Photography by Madeline Tolle

Published on August 24, 2021

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Hollie Velten-Lattrell never renovates a room alone. “Kids are a delightful asset,” says the designer (really, she considers herself a space doula, because she gives little ones agency to imagine their own interiors before combining that with the parents’ needs). Velten-Lattrell’s most recent codesigners, Georgia (8) and Clio (5) Latta, had no shortage of ideas when it came to transforming their New Jersey home’s basement and shared bathroom. In fact, it was Georgia who uttered the words, “What if it’s a lounge?” in regards to the downstairs remodel. “It just sparked the whole direction for the room,” says the designer. 

Having the sisters pick through her kit of beads and fabric scraps, taking note of the types of textures and colors they gravitate toward, was just the first step. It was also important to Velten-Lattrell to understand how the girls interacted with the spaces. When coming up with a new plan for the basement, that meant bringing her own kids over for a playdate–slash–work session. “In the suburbs, friends are always popping by, so we knew it would have to support a bunch of kids at different ages,” she explains. Teamwork makes the dream work, after all. 

Let Them Live Out Their Teen Dreams

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Rug, Etsy; Wave Pillow, Spaces by HV; Lamp, Sofa, Side Table, and Coffee Table, Urban Outfitters.

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Keeping her future 13-year-old self in mind, Georgia suggested making the basement a coffeehouse-esque hangout over a crafting spot. Instantly Velten-Lattrell pictured a corner bookshelf—the picture books it holds now can easily be swapped out for magazines in a few years. Of course, every lounge needs low-profile seating. The designer opted for a beanbag sofa and paired two vintage plastic chairs from Salvage Style with an Urban Outfitters coffee table. “It’s a little snack station now, but with some more pillows it would be perfect for card games,” she says. Mixing in various light sources that sit or hang at different levels made the room feel less dark and dingy. 

Clean Up Their Interactive Art Display

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A chalkboard wall sounds like a good idea (the mini artists can doodle, erase, and repeat to their heart’s content), but in reality the treatment looks and feels like a dusty mess. Plus, while observing the Latta girls play in their space, “it went underused,” notes the designer. So Velten-Lattrell had the bright idea of swapping out the family’s old art wall for cork panels. Now Clio and Georgia can show off other works on paper that they create in their local Oh! Canary classes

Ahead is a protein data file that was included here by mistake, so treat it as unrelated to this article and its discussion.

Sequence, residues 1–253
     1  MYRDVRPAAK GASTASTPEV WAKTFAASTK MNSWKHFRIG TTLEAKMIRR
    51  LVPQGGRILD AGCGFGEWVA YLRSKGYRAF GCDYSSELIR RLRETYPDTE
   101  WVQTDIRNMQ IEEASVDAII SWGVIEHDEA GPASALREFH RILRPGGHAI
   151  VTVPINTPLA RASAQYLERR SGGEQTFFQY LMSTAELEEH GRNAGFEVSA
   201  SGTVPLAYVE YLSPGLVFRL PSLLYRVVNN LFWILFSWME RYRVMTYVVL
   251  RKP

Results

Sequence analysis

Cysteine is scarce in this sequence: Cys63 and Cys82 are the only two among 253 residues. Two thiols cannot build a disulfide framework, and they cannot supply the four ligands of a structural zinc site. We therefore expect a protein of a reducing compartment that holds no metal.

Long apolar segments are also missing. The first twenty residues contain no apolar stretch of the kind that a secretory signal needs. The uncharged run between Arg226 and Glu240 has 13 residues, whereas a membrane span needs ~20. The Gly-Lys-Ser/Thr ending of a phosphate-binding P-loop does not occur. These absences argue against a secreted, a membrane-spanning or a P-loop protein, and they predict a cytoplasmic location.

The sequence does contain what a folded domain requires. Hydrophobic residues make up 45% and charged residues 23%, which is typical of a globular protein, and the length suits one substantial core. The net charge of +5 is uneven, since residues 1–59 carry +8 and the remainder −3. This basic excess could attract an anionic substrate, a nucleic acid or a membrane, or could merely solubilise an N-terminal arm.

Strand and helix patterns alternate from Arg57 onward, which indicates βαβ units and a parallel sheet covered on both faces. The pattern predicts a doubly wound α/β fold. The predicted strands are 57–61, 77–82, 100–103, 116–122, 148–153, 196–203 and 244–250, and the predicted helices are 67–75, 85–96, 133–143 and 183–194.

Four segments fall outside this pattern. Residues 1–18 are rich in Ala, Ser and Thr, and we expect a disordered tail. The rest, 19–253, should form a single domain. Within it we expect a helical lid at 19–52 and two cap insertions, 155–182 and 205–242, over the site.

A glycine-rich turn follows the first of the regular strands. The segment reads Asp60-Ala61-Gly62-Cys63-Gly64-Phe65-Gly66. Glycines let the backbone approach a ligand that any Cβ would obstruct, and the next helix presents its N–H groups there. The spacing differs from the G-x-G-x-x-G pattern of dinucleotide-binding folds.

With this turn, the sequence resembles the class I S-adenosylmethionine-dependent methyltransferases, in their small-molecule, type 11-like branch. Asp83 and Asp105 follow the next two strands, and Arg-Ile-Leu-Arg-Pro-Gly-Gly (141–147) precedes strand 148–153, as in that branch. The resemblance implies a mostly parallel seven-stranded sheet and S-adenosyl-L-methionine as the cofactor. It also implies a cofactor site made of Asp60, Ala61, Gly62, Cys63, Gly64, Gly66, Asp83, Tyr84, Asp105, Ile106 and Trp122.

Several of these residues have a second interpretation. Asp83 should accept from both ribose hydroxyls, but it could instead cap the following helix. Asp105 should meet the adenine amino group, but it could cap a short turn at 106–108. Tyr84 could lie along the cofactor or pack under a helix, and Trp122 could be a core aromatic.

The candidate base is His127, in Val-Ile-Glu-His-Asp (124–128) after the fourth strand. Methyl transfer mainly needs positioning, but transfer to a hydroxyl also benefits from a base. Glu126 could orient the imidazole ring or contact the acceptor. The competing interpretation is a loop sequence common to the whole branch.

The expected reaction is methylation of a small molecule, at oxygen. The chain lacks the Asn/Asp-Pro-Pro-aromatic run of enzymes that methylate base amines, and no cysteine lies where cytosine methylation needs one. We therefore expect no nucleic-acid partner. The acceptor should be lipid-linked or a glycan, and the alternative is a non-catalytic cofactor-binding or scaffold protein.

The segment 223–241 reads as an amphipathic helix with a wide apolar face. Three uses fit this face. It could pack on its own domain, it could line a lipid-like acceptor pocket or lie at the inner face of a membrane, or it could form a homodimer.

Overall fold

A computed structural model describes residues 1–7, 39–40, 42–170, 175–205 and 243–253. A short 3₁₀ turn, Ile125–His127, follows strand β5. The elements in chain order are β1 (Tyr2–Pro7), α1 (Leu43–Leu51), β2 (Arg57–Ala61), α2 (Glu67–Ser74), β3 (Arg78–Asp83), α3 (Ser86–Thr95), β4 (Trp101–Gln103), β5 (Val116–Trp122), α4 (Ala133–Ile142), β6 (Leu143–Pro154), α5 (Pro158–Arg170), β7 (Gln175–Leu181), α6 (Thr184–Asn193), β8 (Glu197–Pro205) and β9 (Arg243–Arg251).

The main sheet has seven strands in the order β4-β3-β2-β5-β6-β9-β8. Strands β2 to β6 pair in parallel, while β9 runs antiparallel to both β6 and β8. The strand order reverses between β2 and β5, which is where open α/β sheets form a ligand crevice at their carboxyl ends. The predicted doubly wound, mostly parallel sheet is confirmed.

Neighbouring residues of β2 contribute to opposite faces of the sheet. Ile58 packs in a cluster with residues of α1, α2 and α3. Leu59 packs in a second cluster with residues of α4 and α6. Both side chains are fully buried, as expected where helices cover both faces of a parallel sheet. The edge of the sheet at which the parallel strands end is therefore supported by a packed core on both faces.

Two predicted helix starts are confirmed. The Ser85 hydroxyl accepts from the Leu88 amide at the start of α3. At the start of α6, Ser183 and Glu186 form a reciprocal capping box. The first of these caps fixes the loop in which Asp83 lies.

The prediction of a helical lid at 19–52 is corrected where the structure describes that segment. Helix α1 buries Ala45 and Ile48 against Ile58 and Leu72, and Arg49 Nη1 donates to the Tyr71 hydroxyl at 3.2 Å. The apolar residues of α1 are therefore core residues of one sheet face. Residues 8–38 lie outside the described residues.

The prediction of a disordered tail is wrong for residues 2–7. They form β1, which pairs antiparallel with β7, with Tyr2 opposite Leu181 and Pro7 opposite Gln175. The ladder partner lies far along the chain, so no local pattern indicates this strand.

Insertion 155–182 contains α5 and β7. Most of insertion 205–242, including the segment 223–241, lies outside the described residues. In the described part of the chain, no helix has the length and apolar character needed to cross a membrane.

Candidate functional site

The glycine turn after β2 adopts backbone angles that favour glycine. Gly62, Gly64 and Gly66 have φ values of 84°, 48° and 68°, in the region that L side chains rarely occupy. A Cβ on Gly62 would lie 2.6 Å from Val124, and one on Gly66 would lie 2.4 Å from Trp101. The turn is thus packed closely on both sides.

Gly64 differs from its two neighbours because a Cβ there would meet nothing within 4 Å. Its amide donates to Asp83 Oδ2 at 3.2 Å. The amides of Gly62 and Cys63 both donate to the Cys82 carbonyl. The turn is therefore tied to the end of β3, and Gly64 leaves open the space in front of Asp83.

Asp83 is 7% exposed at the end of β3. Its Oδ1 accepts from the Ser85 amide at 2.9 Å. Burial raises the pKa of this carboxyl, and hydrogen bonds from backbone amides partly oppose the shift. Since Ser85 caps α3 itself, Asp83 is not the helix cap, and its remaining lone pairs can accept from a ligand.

Find Whimsy in Your Own Past

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Courtesy of Dana Siomkos.
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Light and Fabric, Etsy.

To kick things off in the blue-and-white–tiled bathroom, Velten-Lattrell asked the family to identify a bedrock piece (in other words, an heirloom, a family object, or a prized photograph) to begin the inspiration. Dana, the girls’ mom, chose a poster of a mermaid by her late mother’s favorite Greek folk artist, which led them to go a mystical and magical route rather than just Mediterranean Sea.

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“We created enough of a dizzying effect with the flower and shell shapes that now blue doesn’t feel like the main background,” says the designer of incorporating Clare’s seafoam OMGreen paint on the door and window, a floral Josef Frank wallpaper, printed Velcro sink skirt, and sea urchin sconce

Keep Your Eye on the Prize

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Florals, Brave Floral; Letterpress Print, Cartoules Press; Pitcher, Spaces by HV; Frame, Framebridge.

The shower-tub’s archway was a redeeming feature, but a typical suspension curtain rod wouldn’t do: It visually chopped the top part off. “We really wanted to preserve it and make it the centerpiece,” says Velten-Lattrell, who cleverly mounted the rod inside the shower behind the wall so you can’t see anything but the funky transparent yellow Quiet Town curtain. “It just felt like sunshine.” 

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